Ali Hakimi, IFRC, northern Afghanistan
An eight-hour drive south from Mazar-e-Sharif, the road winds through steep narrow valleys to the mountain-top villages of Shabashak Bala and Shabashak Paen in Samangan province. These remote villages are located almost at the epicenter of the 5.3 Richter scale earthquake that struck central and Northern provinces of Afghanistan in the early hours of 19 April. Samangan province was hardest hit with several fatalities, many injuries and significant damage to houses and public buildings.
Shabashak Bala and Shabashak Paen were both seriously affected. Several aftershocks combined with snow and rains have created a bigger problem for many of the villagers who have left their damaged houses and sleep outside. One of the local residents, Ghulam Sakhi, describes his living conditions as "absolutely miserable".
“It was midnight when the earthquake happened and the roof of the house collapsed on top of me. I was trapped under the debris but managed to make my way out,” explains Ghulam Sakhi. "Now we have to deal with the next problem - the cold weather. Although it is already spring, up here it is very cold and a few days ago it was snowing. Without shelter it is difficult to protect myself and my family from the cold.”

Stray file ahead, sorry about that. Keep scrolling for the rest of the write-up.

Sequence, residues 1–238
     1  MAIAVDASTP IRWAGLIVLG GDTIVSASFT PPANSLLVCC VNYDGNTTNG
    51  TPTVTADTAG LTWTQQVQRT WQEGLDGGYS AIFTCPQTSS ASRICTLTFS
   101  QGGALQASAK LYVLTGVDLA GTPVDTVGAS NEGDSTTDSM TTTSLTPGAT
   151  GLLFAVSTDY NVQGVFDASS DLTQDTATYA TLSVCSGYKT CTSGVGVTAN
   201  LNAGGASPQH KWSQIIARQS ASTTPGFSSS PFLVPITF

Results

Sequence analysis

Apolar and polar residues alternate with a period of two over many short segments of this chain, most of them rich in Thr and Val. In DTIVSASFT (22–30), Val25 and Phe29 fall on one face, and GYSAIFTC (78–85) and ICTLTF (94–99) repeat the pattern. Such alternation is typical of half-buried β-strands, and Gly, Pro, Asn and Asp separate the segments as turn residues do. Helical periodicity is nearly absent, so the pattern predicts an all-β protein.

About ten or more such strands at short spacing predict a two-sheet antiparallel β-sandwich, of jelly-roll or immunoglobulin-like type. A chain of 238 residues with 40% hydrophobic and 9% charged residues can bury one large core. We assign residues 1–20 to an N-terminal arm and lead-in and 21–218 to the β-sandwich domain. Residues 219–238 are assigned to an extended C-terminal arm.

Red Crescent on the spot
Immediately after the quake, the Afghan Red Crescent Society (ARCS) mobilized two disaster response units from Kabul and Mazar-e-Sharif. The teams were equipped with new vehicles, allowing them greater mobility and flexibility to address the needs of survivors who are widely dispersed across this remote area. A Red Crescent emergency mobile health unit which was already active in the neighboring province of Saripul was re-deployed to the affected area.
“We are touched by the help provided by the Afghan Red Crescent to these communities. This support is greatly appreciated,” explains Jarollah Mansoori, the Minister of Rural Rehabilitation and Development who recently visited the area. “Cooperation with the Government has run smoothly and it is good to know that the Red Crescent will remain in the area to make sure that assistance reaches the most vulnerable people,” he added.
An emergency meeting was held in the Mazar-e-Sharif governor’s office where humanitarian organizations were assigned to cover specific areas. Dare Sof Bala and Dare Sof Paen were the two regions allotted to the Afghan Red Crescent Society (ARCS).
Protection against the cold
So far the disaster response units coordinated the distribution of relief supplies to 132 families in Shabashak Bala and Shabashak Paen. This included tents, blankets, kitchen sets, plastic sheets, tarpaulins and jerry cans. Due to the cold weather and harsh conditions a number of people, particularly small children were found to be suffering from various illnesses. “At night these blankets are great against the cold,” says Ghulam Sakhi.
As soon as a distribution is completed and families have loaded up their donkeys for the journey home, the disaster response units leave for their next destination, where more help is needed.